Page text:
Economic self-reliance and China's development: changing perspectives

Tisdell, Clem (2013) Economic self-reliance and China's development: changing perspectives. International Journal of Development Issues, 12 3: 239-252. doi:10.1108/IJDI-03-2013-0029


Author Tisdell, Clem
Title Economic self-reliance and China's development: changing perspectives
Journal name International Journal of Development Issues   Check publisher's open access policy
ISSN 1446-8956
1758-8553
Publication date 2013
Year available 2013
Sub-type Article (original research)
DOI 10.1108/IJDI-03-2013-0029
Volume 12
Issue 3
Start page 239
End page 252
Total pages 14
Place of publication Bingley, W Yorks, United Kingdom
Publisher Emerald Group Publishing Ltd.
Collection year 2014
Language eng
Formatted abstract
Purpose – The achievement of self-reliance (zi li geng sheng: “regeneration through one's own efforts”) is an important Chinese goal. Mao Zedong's approach to achieving this goal after 1960 was to advocate and practice economic self-sufficiency both within China and nationally. One purpose of this article is to outline and discuss Mao's approach and its consequences. Following China's market reforms commencing in 1978, Mao's economic self-reliance policies were systematically abandoned. The second aim of this article is to consider how China's market reforms and its development have impacted on subnational economic self-reliance within China and to assess the extent to which its open-door policy has reduced its national self-reliance.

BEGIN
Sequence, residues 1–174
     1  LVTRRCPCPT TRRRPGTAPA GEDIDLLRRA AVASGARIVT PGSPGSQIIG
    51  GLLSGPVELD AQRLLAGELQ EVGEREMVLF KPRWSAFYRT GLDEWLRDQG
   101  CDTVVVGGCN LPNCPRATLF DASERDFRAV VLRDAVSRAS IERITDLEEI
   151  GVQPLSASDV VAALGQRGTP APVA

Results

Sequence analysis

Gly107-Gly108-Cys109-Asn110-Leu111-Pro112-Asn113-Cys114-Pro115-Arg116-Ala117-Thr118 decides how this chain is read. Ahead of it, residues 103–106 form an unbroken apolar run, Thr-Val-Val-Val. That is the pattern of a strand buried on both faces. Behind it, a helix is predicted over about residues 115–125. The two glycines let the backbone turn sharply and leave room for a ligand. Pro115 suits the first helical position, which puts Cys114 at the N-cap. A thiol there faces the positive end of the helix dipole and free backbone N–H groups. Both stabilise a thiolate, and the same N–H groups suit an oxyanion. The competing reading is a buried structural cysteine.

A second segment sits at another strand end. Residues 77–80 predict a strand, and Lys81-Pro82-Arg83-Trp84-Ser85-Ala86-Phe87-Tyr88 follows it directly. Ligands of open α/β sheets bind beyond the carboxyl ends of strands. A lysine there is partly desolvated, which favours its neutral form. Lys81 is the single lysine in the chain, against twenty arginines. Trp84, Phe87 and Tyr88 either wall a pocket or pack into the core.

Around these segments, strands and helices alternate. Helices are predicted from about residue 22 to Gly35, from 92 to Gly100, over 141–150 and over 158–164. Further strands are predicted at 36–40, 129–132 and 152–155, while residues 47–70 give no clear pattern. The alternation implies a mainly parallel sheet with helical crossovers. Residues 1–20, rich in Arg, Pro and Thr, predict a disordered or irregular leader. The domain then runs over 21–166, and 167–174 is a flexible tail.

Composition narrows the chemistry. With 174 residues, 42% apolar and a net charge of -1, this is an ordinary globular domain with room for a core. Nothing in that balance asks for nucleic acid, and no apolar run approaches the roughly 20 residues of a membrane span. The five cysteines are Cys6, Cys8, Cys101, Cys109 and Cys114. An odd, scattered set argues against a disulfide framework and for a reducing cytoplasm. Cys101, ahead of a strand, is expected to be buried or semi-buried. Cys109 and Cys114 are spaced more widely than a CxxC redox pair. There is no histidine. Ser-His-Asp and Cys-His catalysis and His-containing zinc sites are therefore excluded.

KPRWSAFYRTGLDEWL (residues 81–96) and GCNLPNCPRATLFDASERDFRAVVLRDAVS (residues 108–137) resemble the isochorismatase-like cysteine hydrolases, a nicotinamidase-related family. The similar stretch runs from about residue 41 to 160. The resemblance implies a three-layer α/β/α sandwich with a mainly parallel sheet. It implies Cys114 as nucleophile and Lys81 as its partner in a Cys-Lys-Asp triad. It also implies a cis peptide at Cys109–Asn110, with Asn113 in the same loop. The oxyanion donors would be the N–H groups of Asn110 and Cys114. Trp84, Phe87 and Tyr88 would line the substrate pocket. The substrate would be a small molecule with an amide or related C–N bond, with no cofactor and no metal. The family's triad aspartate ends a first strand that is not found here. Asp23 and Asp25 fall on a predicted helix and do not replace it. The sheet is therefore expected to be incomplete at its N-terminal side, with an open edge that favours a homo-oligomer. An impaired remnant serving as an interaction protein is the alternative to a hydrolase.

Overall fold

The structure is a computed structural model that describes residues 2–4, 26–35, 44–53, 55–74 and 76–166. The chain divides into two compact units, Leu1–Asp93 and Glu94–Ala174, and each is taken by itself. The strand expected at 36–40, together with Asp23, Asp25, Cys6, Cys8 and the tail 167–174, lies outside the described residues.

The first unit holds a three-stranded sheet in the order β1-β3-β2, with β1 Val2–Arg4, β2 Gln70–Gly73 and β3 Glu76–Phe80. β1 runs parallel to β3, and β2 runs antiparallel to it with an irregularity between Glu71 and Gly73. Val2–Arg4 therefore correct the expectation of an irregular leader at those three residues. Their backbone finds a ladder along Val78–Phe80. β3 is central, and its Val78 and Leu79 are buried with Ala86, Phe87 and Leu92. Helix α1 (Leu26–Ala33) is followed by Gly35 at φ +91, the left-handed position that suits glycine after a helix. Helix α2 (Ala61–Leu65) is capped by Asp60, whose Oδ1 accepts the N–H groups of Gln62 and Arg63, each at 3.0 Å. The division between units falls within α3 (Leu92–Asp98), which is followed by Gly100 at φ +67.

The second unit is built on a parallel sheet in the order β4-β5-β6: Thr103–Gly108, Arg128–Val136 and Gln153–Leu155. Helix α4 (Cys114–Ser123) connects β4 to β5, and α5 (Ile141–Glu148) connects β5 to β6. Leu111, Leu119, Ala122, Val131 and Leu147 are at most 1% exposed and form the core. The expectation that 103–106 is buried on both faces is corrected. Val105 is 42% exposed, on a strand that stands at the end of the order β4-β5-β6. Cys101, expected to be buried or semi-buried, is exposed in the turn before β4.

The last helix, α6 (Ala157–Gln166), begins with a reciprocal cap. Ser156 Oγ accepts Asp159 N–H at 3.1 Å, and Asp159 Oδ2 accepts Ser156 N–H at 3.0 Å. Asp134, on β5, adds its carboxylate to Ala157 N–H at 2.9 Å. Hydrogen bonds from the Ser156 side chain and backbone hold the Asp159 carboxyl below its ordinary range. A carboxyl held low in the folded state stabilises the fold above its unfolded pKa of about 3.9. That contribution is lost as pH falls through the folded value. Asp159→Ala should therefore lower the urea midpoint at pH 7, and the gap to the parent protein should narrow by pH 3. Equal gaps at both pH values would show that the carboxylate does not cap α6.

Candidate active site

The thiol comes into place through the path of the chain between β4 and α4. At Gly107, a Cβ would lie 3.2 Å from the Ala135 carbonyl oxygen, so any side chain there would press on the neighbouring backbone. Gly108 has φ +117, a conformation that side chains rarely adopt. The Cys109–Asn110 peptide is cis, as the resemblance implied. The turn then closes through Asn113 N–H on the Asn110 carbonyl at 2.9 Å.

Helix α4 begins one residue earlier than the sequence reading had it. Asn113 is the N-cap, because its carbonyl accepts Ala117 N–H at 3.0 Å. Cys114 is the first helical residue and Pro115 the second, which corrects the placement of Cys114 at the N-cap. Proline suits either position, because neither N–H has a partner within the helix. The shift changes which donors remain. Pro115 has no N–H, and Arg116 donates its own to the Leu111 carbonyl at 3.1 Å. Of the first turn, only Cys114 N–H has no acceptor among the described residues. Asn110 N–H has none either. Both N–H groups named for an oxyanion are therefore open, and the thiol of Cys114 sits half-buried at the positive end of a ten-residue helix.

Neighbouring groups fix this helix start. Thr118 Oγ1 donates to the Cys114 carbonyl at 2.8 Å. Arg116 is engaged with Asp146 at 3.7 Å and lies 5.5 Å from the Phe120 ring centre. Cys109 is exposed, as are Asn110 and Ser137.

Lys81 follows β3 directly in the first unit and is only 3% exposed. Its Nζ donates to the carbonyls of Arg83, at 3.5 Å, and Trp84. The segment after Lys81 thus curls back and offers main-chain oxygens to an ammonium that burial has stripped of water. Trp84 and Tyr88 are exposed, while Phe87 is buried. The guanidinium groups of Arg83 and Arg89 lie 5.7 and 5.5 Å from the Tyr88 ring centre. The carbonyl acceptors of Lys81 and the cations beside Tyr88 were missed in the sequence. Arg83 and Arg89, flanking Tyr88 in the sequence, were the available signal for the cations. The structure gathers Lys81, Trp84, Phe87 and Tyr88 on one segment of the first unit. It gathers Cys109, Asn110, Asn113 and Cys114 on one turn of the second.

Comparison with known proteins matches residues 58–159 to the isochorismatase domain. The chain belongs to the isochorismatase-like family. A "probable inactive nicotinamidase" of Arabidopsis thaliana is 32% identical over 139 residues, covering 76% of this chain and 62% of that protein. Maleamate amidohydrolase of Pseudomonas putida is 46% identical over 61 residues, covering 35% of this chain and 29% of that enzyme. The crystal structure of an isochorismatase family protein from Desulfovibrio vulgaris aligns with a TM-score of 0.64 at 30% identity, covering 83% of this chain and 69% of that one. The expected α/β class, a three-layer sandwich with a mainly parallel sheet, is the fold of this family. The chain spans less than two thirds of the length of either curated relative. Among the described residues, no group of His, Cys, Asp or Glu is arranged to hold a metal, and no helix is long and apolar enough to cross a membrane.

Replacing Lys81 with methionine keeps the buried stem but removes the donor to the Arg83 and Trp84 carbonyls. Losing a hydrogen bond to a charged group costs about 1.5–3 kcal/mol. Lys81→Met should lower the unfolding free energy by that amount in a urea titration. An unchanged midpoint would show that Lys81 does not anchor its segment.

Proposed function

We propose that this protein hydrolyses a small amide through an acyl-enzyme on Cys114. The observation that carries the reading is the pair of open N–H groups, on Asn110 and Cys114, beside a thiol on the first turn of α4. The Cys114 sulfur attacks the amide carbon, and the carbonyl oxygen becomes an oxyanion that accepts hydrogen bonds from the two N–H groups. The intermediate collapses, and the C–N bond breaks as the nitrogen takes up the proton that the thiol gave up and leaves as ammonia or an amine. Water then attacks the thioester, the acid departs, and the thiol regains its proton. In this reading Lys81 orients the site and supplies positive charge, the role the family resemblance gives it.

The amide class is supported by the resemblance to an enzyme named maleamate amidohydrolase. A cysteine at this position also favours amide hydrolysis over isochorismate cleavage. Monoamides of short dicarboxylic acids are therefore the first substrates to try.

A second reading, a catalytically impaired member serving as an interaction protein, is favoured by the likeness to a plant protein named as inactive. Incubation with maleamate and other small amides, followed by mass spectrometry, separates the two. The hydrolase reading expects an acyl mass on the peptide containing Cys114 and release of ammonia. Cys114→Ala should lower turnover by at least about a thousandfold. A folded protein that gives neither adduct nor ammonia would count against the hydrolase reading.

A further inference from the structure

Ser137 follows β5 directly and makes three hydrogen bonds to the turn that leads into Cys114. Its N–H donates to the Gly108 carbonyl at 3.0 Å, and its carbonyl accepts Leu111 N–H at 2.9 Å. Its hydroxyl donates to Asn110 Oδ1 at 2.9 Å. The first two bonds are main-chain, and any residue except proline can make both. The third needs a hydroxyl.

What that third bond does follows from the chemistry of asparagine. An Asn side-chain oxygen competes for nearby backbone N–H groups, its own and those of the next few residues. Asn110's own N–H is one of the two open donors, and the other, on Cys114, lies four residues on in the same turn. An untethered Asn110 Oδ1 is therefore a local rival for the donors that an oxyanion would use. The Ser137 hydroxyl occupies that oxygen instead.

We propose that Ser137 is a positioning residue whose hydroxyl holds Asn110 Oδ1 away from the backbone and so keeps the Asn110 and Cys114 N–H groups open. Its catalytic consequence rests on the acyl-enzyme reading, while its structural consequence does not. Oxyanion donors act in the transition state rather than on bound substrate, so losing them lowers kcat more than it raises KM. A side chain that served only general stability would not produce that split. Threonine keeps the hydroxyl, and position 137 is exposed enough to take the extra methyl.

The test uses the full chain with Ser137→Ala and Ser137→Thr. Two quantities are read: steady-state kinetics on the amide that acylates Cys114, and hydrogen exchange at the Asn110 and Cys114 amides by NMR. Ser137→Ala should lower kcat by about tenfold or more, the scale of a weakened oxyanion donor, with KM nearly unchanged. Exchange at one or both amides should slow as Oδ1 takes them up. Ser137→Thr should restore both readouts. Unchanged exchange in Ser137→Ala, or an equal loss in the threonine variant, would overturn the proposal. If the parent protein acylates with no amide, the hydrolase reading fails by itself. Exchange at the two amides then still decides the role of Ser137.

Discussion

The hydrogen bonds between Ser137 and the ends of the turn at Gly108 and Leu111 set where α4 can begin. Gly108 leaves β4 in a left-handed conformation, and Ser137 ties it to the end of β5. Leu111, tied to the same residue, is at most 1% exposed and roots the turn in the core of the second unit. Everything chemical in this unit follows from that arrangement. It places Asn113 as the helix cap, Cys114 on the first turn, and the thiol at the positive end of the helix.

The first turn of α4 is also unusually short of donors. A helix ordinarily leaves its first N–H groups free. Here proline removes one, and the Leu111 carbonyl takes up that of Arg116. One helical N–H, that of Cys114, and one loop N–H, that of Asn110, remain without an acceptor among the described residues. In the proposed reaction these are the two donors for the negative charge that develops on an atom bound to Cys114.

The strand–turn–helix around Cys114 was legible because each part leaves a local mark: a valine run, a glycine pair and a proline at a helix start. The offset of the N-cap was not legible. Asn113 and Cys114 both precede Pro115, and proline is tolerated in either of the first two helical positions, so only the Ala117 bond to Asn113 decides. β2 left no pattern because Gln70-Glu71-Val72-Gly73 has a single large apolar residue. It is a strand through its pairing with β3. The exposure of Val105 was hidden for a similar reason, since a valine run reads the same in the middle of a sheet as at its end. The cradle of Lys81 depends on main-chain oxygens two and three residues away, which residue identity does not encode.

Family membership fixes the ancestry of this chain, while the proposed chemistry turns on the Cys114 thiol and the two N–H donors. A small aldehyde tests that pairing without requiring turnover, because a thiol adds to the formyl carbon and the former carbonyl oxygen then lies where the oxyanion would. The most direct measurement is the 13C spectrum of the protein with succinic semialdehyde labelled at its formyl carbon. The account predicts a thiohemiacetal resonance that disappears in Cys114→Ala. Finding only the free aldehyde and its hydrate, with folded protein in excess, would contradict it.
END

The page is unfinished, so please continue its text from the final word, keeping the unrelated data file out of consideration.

Design/methodology/approach – Secondary sources and data are used to develop this article.

Findings
– As a result of its market reform and economic development, all parts of China's economy have become more interdependent and continue to do so. In addition, China has become more dependent for its economic welfare on international trade, but its dependence is much less than that of many other countries, for example, Germany. Nevertheless, the Chinese still endeavour to be masters of their own destiny. From this perspective, Mao's principle of self-reliance has not been abandoned.

Originality/value
– Despite its growing economic interdependence, China continues to value its capacity for autonomous goal setting and decision-making. This is illustrated by the strategies it has adopted to address its dependency on oil imports. Nevertheless, China's increased economic interdependence adds to China's challenges and difficulties in controlling its economic affairs.
Keyword China
Deng Xiaoping
Economic self reliance
Market reforms
Oil import dependency
Q-Index Code C1
Q-Index Status Confirmed Code
Institutional Status UQ

Document type: Journal Article
Sub-type: Article (original research)
Collections: Official 2014 Collection
School of Economics Publications
 
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Created: Mon, 09 Dec 2013, 12:10:07 EST by Emeritus Professor Clement Tisdell on behalf of School of Economics